Friday, March 21, 2008


His optimism about the future of the human race knows no bounds. And as he leads the way to the planetarium in the basement of the physics department of New York's City University, he hums to himself and rattles a large set of keys. He likes to give lectures down here. He also likes to come here on his own, to gaze at the cosmos and think. He is a deep, deep thinker. You could say he casts miles below the surface of normal thought. He has to. His ambition is to crack the elusive 'theory of everything', the one that defeated even Einstein, his mentor of sorts.

Today the planetarium does not lend itself to deep thinking because there is construction work going on directly above it: a raspy drilling sound, metal on metal, that vibrates the walls for minute-long bursts. We try to ignore it as we talk about his work. Although he is known as a populariser of science - he writes bestselling books with titles such as Hyperspace and Parallel Worlds, and presents programmes for BBC4 with equally imposing titles: Time and Visions of the Future - he is very much a practising theoretical physicist. He co-founded field string theory, after all.

We'll come to that in a minute. For now it is enough to say that Stephen Hawking believes string theory may hold the key to the theory of everything: that is, to the single equation that unifies the very big (the theories of general relativity and gravity) with the very small (quantum mechanics). This is what the CERN experiment in Switzerland is all about, where physicists are recreating the conditions of the Big Bang in a Super Collider, or atom-smasher, that is 27 kilometres in circumference.

Although Prof Kaku is awaiting the results with eagerness, he does wish the experiment had taken place in America, as had originally been the plan. 'In the world of theoretical physics there is a certain amount of snobbery aimed at those of us who try to engage the public,' he says in a soft Californian accent. 'In 1994, we were going to build one near Dallas that would have been several times bigger than the one in Switzerland, and therefore several times more useful. But we needed to win Congress over to get 20 billion dollars' worth of funding for it. On the last day of the hearings, a Congressman asked one of the physicists if we would find God with our machine. The physicist answered that we would discover the Higgs Boson [the sub-atomic particle]. Our machine was duly cancelled.'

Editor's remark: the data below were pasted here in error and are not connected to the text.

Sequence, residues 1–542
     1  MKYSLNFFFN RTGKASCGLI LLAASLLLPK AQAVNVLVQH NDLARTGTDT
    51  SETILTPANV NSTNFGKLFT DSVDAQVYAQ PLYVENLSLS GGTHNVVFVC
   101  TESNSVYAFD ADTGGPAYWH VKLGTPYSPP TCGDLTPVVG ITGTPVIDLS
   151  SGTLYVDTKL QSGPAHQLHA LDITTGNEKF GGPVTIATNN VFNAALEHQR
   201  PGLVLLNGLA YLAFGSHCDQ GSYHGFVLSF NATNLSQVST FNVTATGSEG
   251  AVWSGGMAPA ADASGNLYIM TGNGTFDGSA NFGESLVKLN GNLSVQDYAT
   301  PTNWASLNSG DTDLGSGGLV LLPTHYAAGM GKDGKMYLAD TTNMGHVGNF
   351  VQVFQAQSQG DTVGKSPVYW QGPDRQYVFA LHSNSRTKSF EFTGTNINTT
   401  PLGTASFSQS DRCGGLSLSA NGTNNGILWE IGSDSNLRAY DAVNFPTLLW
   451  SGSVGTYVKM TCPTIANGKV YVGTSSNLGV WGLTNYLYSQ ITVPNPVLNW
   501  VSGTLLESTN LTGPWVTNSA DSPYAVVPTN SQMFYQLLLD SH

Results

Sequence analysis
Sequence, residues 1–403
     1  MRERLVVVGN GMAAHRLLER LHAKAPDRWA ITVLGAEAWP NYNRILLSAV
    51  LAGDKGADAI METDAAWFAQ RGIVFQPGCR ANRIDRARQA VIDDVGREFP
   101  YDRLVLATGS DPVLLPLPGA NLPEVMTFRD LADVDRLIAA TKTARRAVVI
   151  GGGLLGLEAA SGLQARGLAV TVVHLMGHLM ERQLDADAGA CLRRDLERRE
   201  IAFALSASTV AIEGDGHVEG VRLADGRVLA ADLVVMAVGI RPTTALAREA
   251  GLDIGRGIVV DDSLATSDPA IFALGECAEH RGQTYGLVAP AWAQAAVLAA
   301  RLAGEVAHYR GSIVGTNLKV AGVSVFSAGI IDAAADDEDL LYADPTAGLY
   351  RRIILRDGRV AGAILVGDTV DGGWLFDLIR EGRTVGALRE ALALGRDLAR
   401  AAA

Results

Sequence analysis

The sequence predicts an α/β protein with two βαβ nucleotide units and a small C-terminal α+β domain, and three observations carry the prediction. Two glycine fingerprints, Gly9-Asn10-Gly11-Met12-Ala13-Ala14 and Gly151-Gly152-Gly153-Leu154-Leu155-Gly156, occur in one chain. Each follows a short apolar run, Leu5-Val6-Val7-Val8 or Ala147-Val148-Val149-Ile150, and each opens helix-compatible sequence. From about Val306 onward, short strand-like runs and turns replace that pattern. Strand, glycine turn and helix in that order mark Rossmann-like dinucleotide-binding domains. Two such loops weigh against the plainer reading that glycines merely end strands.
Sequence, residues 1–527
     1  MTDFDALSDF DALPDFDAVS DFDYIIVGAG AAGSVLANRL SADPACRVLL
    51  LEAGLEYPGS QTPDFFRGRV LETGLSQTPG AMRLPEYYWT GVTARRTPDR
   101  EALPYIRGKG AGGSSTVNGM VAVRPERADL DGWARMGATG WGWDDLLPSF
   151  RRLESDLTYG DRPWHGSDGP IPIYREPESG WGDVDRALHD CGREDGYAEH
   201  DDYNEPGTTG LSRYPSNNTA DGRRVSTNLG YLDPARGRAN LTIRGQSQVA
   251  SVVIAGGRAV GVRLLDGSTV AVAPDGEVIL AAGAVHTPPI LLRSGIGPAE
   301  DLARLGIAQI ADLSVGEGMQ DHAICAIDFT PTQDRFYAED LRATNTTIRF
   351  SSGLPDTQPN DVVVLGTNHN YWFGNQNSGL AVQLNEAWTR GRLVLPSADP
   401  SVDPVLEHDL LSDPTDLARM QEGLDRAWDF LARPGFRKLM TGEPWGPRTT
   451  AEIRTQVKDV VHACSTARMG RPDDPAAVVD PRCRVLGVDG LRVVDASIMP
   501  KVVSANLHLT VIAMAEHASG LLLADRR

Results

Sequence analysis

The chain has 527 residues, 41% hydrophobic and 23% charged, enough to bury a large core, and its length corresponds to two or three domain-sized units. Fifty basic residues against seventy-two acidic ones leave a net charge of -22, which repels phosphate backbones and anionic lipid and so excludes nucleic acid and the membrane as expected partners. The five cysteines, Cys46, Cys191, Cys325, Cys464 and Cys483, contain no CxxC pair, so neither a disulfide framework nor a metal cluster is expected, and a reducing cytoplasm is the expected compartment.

How would Michio Kaku have answered the question? 'I would have said this machine will take us as close as is humanly possible to the creation of the universe. This is a genesis machine. And yes, it may even let us read the mind of God... I think they would have opened their cheque books.'

That answer would have been true to form. Prof Kaku has a gift for communicating complex scientific ideas in a way that lay people can understand. He argues, moreover, that good physics should be simple, so simple that it can be understood as an image. I'll let him explain. 'A good physicist is driven by a childlike fascination and imagination. If we find ourselves getting jaded or bored we have to try to recapture that childishness. Einstein used to do that. He could be quite childish. He wanted to get access to that feeling of wonderment.

'He also believed that if a theory couldn't be broadly explained to a child it wasn't working. He believed that there should be a picture behind the theory. So his special relativity, for example, can be understood as a 16-year-old boy out-racing a light beam. Out of this arose the image of space and time being curved like the surface of an egg, warped by the presence of stars and planets, and finally Einstein's general theory of relativity, a mathematical description of the structure of the universe only one inch long on the page.' He smiles gently and looks up at the ceiling of the planetarium. 'But for the last 30 years of his life Einstein lost his picture. There was no picture guiding him; he said as much in his memoirs. That is why he wandered into various mathematical fields and got lost.'


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When we change the way we look at things, The things we look at change - Lao Tzu, "Tao Te Ching"